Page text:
This exponential effect on global trade has occurred at a time when the infrastructure that supports this trade cannot magically scale up to match demand. Thus, the seemingly temporary situation could be with us for a little bit longer.

The exponential rise in trade, if followed by a scaling up of infrastructure that supports this trade, creates an even more brittle global supply chain system. The riskiness and inherent stability scale up as well because the system is fundamentally the same in terms of structure, the only difference being that more will be at stake.

Other Problems

  • Global imbalance of trade — Whilst supply chains are long and brittle, another problem is that most of these chains are heavily reliant on China as the global manufacturing hub. Whilst China sends ships full of goods abroad, other nations will find it increasingly hard to ship anything back to China in exchange. This global imbalance of trade leads to trade deficits in other countries, which will eventually lead to import controls when those countries try to reign in on the deficits. These ‘resulting’ controls will act as shocks to the inherently brittle supply chains.
  • Everything is interlinked — the situation is almost like falling dominoes, you push one, and everything down the line gets affected. Imports are connected to exports. A shock to any part of the global supply chain seemingly appears to be isolated but in a globalized world, it is difficult to isolate things. An import problem for the importing country can quickly turn into an export problem. For example, failing to acquire semi-conductors from Korea, for a critical sensor that Tesla needs for its electric vehicles can result in Tesla failing to export 250,000 vehicles in a given month or quarter, whilst holding 250,000 almost completed vehicles in stock, just awaiting one sensor. Failure to report these vehicles is now an export problem for the country. The more globalized the supply chains are, the more exposed they are to these risks.

The Politics — China CCP Question

Since the world is heavily reliant on China, the CCP question has to be asked. Is the world safe with the bulk of its goods being manufactured in a country paternalized by a dictatorial political party? The Chinese Communist Party (CCP) now has a president for life. So far, it has been so good. Can that be maintained over the years?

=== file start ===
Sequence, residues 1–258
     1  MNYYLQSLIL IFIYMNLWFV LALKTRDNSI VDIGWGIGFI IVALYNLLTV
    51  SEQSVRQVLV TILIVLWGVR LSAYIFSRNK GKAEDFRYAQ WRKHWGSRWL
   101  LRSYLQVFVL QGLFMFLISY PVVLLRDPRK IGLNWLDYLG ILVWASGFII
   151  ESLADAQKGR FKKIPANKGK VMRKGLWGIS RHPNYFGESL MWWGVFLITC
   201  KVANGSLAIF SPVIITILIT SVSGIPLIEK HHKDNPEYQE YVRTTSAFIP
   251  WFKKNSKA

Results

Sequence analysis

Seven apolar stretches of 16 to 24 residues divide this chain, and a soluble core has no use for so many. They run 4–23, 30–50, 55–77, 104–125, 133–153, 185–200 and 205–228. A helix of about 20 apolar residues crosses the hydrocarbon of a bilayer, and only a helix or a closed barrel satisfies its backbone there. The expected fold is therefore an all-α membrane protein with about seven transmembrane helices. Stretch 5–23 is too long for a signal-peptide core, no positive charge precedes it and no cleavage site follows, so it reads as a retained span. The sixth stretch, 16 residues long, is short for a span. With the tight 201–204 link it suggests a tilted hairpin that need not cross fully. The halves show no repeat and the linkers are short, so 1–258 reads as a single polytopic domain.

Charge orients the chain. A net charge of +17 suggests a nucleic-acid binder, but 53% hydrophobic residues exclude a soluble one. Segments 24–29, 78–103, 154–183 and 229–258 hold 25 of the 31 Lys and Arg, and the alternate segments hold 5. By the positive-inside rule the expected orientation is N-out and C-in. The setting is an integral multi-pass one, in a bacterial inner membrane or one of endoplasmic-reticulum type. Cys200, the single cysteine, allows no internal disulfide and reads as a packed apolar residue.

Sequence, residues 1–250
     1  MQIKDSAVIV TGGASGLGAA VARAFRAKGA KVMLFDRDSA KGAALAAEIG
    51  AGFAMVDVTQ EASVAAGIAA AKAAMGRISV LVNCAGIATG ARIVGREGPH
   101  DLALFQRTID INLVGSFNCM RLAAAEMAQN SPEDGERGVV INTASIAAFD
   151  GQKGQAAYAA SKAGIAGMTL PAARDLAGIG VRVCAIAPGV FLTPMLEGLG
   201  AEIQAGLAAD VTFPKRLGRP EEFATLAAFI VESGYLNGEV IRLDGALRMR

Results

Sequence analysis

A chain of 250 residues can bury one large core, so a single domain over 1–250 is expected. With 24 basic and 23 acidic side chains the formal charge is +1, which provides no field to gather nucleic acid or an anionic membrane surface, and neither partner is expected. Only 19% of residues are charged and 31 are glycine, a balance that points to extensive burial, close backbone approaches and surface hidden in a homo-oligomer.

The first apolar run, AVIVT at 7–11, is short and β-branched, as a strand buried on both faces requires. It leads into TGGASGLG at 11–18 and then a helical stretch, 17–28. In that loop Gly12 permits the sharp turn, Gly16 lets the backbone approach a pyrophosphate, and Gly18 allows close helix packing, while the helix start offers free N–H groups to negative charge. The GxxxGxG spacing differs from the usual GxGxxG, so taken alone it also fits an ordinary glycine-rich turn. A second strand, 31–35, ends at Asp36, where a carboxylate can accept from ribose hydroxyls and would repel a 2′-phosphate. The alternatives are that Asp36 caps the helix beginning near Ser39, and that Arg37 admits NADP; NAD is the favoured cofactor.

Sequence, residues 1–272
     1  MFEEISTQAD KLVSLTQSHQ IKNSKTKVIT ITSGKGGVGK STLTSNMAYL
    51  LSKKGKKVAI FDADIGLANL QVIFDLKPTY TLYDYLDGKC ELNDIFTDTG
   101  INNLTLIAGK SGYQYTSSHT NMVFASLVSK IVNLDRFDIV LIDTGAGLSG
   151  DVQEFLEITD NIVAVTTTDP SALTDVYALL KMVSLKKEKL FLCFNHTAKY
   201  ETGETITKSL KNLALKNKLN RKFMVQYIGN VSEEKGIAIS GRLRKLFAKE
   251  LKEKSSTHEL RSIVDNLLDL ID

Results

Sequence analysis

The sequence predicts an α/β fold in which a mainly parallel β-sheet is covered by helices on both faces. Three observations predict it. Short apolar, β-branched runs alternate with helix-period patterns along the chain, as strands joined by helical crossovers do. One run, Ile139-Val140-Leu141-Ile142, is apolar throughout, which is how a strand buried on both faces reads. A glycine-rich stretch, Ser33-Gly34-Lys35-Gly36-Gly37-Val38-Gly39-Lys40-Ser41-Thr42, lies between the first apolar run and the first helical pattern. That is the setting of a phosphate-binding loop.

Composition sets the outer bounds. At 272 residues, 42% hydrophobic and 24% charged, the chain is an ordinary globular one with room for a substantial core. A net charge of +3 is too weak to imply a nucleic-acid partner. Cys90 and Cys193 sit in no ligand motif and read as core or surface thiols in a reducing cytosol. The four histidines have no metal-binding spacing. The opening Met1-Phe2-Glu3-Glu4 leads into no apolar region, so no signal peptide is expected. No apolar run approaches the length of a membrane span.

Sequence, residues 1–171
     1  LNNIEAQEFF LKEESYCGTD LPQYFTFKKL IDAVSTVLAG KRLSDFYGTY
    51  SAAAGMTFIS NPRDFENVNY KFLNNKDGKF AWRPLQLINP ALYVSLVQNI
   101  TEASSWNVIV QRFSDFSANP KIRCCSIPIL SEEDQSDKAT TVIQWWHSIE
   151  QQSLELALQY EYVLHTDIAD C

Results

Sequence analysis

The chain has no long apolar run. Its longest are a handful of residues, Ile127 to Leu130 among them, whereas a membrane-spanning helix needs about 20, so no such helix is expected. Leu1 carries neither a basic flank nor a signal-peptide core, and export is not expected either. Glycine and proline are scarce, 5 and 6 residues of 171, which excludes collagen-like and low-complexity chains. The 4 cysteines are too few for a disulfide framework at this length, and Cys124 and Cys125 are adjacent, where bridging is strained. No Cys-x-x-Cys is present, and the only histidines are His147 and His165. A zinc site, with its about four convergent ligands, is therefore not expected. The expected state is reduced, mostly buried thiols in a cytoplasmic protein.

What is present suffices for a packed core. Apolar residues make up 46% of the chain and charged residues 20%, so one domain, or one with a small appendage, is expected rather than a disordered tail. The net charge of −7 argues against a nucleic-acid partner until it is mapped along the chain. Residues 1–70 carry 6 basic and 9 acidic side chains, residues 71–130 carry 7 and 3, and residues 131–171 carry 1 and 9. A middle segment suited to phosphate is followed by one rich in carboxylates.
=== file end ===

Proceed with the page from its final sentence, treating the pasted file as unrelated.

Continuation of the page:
The key question regarding the President of China is that of trust. Can the world trust this guy for supplying almost all of its goods and services? What if CCP can weaponize the supply chains at a time when the world is fully reliant on China.

It can be a bait. The CCP waits for the world to be fully reliant on China for cheap goods and services. Once the world is hooked, China flexes its political muscle on the global landscape.

With regards to global supply chains, China in itself is a single point of failure. If there is a revolution in China or political instability of any sort necessitated by the rising middle class, there could be serious shortages of goods globally.

Households, cities, and towns could go without lightbulbs for months, as an example, because these countries no longer know how to manufacture lightbulbs, and won’t be able to quickly respond to the shocks in China.

The solution for the business manager

  • adopt the China-plus-one strategy (alternative low-cost manufacturing hubs, localize processes that can be localized).
  • allow for longer lead times, longer than what the supplier specifies.
  • raise inventory levels (yeah, it's costly, tied-up cash bla blah bla, but you gotta do it this time).
  • minimize opportunity costs for business lost whilst out of stock, and minimize transport and storage costs.
  • make use of multiple fulfillment nodes.
  • de-risk your supply chains, create supply chains that are more resilient to disruption.
  • have the ability to pivot between suppliers, couriers, etc.
  • purposefully built in some redundancies.

The post-pandemic business manager should understand how brittle global supply chains are. He or she can do very little to reverse globalization. He or she cannot fight against global trade and win. However, the manager should be aware of what's going on and not operate blindly.

He or she should put in measures to defend the business from shocks on the global supply chains. It is going to be a normal part of risk management going forward, as the frequency of shocks increases together with the fragility of the global trade system.

The unprepared manager can easily sink the business after a couple of supply shocks.



Created by

Ryan Gosha

I write creative solutions on business management, business models, macroeconomics, central banking, fintech and financial analysis.